Effective reform of our labor immigration policy requires us to look at the economic side of labor immigration and to regulate entry based upon the contributions the immigrants might make to our economy, their impact on the domestic job market, and of course, national security concerns. Tariffs would be set much like charges are levied for visas today. The funds generated from tariffs imposed upon immigrants wishing to come to the U.S. can then be used to offset any potential negative externalities, such as increased enrollment in schools or increased use of the public health system. More importantly, such a system should also provide these immigrants a pathway to citizenship, or at least residency while also educating the American public about the positive impact of immigrants.

All that being said, I think such a system is not likely to come to fruition in the current toxic political environment. Discrimination against immigrants is rampant, and the economic argument often gets lost among heated accusations about criminality, culture, and rhetoric. Historically, most immigration reform efforts are sidelined by laws that discriminate against certain immigrant populations. Ironically, these laws are passed in the immediate aftermath of efforts to meaningfully reform or encourage immigration. For instance, the Chinese Exclusion Act of 1882 was introduced only after pressure from states facing large immigrant populations despite a national effort to lower barriers to immigration. California politicians, and subsequently national politicians, quickly realized the political capital they could generate with discriminatory rheotric against individuals who, after all, could not vote. The Chinese Exclusion Act prohibited all immigration of Chinese laborers into the United States and was really one of the first time discriminatory efforts in immigration were introduced. Since then the idea that people should be blocked from entering based on their national origin has been engrained into American society. The target of that discrimination has evolved, shifting from Asian immigrants in the 19th century to Southern Europeans in the early 20th century to Latinos in the late 20th and early 21st centuries.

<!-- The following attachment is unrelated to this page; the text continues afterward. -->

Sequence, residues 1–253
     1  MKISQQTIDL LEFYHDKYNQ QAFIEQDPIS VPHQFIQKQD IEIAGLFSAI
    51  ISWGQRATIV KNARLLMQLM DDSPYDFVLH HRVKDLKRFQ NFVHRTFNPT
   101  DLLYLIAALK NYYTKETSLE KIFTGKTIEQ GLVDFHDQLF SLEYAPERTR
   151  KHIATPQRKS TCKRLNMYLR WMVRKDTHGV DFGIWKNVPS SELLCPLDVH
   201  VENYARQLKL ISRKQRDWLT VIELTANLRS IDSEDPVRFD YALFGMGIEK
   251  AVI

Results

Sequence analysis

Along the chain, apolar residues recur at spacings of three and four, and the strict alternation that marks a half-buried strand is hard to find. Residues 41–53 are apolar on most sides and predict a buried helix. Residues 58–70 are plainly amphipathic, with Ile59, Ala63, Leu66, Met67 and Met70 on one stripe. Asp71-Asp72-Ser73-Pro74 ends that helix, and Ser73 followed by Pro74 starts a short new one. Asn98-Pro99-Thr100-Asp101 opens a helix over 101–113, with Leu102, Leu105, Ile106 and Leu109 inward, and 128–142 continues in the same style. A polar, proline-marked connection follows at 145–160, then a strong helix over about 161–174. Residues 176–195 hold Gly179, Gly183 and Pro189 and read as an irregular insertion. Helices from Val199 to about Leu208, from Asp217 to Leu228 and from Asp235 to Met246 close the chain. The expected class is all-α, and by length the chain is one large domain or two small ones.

Could there be other reasons besides discrimination? What about high unemployment believed to be caused due to an influx of undocumented immigrants as a reason to limit immigration?

KF: High unemployment is often blamed on immigrants. There is a lot of misinformation out there about the impact of immigrants on the domestic economy. Most studies, whether from conservative think-tanks such as the American Enterprise Institute or more liberal ones such as Brookings and the Center for American Progress, conducted extensive studies showing that immigrants have a net positive impact on the American economy. This applies to both highly-skilled and less-skilled immigrants. These immigrants enter the country as consumers, tax-payers and contributors to so many aspects of American society. The misconception that immigrants harm the domestic economy is leading to significant discrimination and Congress is using this to justify keeping immigrants from entering the United States. But the economics are clear —immigrants are good for domestic jobs, wages, and economic growth.

One other reason for limiting immigration, legal or illegal, could be 9/11. Thoughts?
KF: This is the latest justification, recasting immigration into a national security issue. Immigrants are now increasingly seen as potential threats. I think that this is just another excuse for lack of Congressional action on effective immigration reform. Currently, Congress' idea of immigration reform is just a two-pronged approach: increased border security and a pathway to legalization or amnesty of some kind for the undocumented immigrants already present in the U.S. Neither of these ideas make much sense. For instance, complete border security is not possible from a practical perspective since it would significantly slow trade and lead exporters elsewhere. And legalization, while an important aspect of reform, only addresses the immigrants already here, not those that continue to come year after year. National security is a concern that is best addressed by investigating specific threats, not by further isolating ourselves from the global economy.